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November 10, 2020   |   Diesel Technology Forum

Policy Insider

What Will A Biden Win Mean for Transportation and Energy Policy?

Using energy more wisely, diversifying energy sources and fuels will all be essential parts of any plan successful in tackling the near term and long term challenges from a changing climate.

If the 2020 Presidential election concludes with the official declaration of Joe Biden as the 46th President, an expected shift in direction for environmental, climate and energy policy awaits. From restoration of environmental policies reversed or modified in the past four years, to adoption of a bold green new deal agenda, there are a range of possibilities.  

His first day in office, President-elect Biden has committed to sign an executive order recommitting the U.S. to the Paris Climate Accords. The Los Angeles Times reports further that the Biden Administration is likely to reverse the Trump Administration’s rules on auto emissions standards and institute more stringent auto standards while granting California its authority to go-it-alone on separate tailpipe standards - notable also in that 13 other states have adopted California’s standards.

Based on the Biden policy platform transformative measures will be sought to address climate change and to promote a clean energy transition, achieving net-zero greenhouse gas emissions by 2050. To get there, a variety of strategies would be required across wide sectors of the economy, most notably transformation of the  electric power sector to 100 percent renewable energy, and major changes to transportation sector.

President-elect Biden will also likely rely on existing authorities already granted to the Administration to pursue climate and energy policy goals. Transportation sector changes beyond the restoration of more stringent tailpipe standards and California policy waivers are expected to include substantial incentives for accelerated electrification of passenger and commercial vehicles and the necessary supporting infrastructure, but also more effort to grow biofuels like ethanol and biodiesel.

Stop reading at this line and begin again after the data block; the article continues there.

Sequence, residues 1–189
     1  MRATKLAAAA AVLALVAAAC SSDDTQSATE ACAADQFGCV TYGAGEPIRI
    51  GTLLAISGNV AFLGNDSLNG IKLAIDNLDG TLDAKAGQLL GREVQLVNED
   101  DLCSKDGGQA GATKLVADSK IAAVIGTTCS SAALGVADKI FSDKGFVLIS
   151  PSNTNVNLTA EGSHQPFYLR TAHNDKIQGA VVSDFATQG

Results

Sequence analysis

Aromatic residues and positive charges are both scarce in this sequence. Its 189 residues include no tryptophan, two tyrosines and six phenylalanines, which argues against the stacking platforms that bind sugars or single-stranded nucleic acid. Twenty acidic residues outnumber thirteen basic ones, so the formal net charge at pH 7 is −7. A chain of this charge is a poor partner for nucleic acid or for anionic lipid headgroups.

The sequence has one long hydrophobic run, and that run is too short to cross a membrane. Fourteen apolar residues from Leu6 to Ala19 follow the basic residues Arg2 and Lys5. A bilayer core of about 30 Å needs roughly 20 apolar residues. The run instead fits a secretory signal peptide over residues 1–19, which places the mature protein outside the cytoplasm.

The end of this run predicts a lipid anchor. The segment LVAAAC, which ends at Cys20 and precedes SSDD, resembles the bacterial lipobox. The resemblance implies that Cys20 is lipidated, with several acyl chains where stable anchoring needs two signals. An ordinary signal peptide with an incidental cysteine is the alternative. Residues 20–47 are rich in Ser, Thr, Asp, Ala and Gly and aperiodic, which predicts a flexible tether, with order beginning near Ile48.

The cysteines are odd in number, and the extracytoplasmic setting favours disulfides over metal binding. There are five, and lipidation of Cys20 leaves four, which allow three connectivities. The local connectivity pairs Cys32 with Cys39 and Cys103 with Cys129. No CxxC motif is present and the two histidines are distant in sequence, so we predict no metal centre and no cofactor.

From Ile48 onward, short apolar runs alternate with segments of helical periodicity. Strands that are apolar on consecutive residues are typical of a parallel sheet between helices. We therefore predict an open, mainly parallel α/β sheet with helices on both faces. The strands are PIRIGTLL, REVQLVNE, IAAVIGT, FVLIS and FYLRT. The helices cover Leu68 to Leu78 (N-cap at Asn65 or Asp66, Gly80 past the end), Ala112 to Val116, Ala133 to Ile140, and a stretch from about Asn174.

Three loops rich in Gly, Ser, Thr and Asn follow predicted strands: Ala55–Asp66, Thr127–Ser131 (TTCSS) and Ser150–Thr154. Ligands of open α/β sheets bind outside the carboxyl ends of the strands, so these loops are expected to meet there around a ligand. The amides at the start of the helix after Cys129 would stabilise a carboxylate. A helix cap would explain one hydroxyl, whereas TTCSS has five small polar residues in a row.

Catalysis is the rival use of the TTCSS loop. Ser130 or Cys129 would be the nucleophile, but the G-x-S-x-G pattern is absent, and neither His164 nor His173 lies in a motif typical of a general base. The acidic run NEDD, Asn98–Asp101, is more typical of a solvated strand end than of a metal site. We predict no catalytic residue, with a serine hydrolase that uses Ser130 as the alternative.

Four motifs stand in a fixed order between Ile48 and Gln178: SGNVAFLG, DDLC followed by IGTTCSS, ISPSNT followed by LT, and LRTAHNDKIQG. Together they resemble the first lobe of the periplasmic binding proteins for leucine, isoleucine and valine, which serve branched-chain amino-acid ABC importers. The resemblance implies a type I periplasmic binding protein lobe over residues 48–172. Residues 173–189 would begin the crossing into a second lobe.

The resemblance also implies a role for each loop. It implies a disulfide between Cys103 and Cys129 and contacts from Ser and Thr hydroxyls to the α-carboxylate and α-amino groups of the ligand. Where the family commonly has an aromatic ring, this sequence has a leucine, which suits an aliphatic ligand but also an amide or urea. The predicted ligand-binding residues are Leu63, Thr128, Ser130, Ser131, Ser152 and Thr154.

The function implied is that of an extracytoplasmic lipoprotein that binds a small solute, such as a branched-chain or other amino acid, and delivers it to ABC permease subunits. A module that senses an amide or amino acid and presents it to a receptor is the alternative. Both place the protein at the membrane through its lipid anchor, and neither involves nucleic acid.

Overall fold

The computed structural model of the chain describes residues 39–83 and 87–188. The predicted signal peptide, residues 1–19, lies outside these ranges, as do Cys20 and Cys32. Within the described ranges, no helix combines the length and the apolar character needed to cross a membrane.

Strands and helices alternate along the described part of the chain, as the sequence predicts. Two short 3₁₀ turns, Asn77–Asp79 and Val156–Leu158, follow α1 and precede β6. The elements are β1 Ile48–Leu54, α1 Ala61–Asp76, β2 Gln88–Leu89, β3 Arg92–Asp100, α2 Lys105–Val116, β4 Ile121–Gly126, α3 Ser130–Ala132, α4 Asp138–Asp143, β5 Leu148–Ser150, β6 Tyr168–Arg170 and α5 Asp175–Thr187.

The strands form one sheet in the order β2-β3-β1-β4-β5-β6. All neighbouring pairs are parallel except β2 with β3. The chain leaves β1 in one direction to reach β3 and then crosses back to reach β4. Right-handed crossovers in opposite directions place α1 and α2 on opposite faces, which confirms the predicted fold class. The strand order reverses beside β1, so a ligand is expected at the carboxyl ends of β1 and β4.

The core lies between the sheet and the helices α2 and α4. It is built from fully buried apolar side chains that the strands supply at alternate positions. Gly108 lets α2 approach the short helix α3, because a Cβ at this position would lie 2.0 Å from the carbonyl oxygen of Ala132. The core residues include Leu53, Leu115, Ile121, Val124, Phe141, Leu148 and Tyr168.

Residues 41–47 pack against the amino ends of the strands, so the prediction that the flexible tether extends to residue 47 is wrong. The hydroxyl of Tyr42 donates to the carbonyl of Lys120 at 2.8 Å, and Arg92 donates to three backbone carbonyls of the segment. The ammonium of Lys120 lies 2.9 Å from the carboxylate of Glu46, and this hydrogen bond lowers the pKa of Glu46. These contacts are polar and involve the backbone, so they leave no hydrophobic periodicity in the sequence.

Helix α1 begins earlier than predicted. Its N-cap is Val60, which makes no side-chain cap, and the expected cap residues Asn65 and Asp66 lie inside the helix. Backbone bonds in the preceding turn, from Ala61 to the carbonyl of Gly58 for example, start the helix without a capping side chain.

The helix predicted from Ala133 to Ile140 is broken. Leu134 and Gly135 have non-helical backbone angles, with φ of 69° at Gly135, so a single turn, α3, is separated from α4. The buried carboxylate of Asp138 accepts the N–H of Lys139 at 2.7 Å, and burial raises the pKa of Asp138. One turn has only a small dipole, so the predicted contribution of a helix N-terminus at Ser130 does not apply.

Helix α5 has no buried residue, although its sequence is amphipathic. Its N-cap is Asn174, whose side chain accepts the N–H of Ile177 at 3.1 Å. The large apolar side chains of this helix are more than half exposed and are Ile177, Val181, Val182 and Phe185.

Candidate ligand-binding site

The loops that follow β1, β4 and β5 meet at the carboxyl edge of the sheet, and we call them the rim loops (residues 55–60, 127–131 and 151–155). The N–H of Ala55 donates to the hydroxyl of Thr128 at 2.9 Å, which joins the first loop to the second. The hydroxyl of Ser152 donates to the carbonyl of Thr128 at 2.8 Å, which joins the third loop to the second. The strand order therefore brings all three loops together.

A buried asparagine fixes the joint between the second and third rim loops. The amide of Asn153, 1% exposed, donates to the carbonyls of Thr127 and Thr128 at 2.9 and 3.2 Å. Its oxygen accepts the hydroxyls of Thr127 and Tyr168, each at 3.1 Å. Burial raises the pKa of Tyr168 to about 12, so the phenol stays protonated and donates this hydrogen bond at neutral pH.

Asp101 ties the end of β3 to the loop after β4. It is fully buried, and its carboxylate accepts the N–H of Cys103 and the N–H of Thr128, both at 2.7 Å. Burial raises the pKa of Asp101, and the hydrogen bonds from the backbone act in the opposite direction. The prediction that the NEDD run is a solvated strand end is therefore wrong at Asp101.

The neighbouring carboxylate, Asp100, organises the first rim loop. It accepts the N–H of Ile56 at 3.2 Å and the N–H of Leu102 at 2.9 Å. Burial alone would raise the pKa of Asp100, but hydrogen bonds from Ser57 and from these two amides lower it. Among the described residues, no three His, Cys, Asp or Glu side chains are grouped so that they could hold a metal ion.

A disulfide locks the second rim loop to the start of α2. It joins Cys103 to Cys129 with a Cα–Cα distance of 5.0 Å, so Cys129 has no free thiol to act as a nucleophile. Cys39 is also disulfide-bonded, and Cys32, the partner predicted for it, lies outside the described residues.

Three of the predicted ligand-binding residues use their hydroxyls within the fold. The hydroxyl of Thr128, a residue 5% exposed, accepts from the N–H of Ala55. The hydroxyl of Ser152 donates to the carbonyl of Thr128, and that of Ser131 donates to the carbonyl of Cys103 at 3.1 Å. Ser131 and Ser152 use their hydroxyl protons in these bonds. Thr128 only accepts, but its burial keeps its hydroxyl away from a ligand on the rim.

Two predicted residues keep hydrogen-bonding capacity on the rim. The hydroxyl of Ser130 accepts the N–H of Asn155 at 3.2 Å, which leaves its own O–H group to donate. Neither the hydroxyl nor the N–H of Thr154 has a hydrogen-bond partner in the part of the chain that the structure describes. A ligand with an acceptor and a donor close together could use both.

We would expect President-elect Biden to advance incentive-based clean energy transportation goals, but not seek to ban or eliminate fossil fuels outright, recognizing their continued essential role in the economy.

With the current make-up in Congress, President-elect Biden will have to rely on political strategies that do not necessarily rely on a still Republican-controlled Senate that has no appetite for ambitious climate legislation. Axios reports that President Biden’s platform on climate change did not go down well in purple states that delivered the victory. There is likely very little appetite in the Senate to consider ambitious climate legislation. But there could be opportunities to move smaller less ambitious policies. 

According to the Pew Research Center, far more Americans view climate change as cause for concern and want federal action. While the fate of a progressive Green New Deal policies is in serious doubt, Senators may be willing to advance smaller proposals. Forbes reports that Department of Energy research and development programs and efforts to promote more biofuels could be something that achieves bipartisan support. With the federal program that mandates the use of biofuels, the Renewable Fuel Standard (RFS), expiring in 2022, efforts to revamp the program to incentivize more advanced biofuels production could attract support from Midwest red states. Today, the use of biodiesel and renewable diesel fuel is generating the most greenhouse gas emission reductions in those states that incentivize their use through low carbon fuel standards. GHG reductions achieved from low-carbon fuels today are beating benefits achieved by electrification of cars, trucks and buses by 4 to 1.

Then Senator Biden supported the Diesel Emission Reduction Act in Congress, a bipartisan program established legislation that originated with his fellow-Delawaran Senator Tom Carper. This clean air program is like a cash for clunkers for heavy-duty trucks, buses and equipment and has generated big benefits for quite a few communities since funding was first appropriated in 2008. There may be an appetite for red state Senators and the Biden Administration to boost funding for the clean air program. Upgraded and modernized diesel technology has delivered most of the benefits, delivering more than $13 dollars in benefits for each dollar invested, along with eliminating 454 million gallons of fuel since its inception.

Major federal investments in infrastructure - also a pledge of President-elect Biden - would compel increasing demand for additional construction machines and equipment - now all the newest generation achieving near zero emissions - and the trucks and fuels that support them.  

Change is on the horizon, but likely to be more incremental than transformative, reflecting the practical realties of divided government. However it comes, using energy more wisely, diversifying energy sources and fuels will all be essential parts of any plan successful in tackling the near term and long term challenges from a changing climate. 


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Allen Schaeffer
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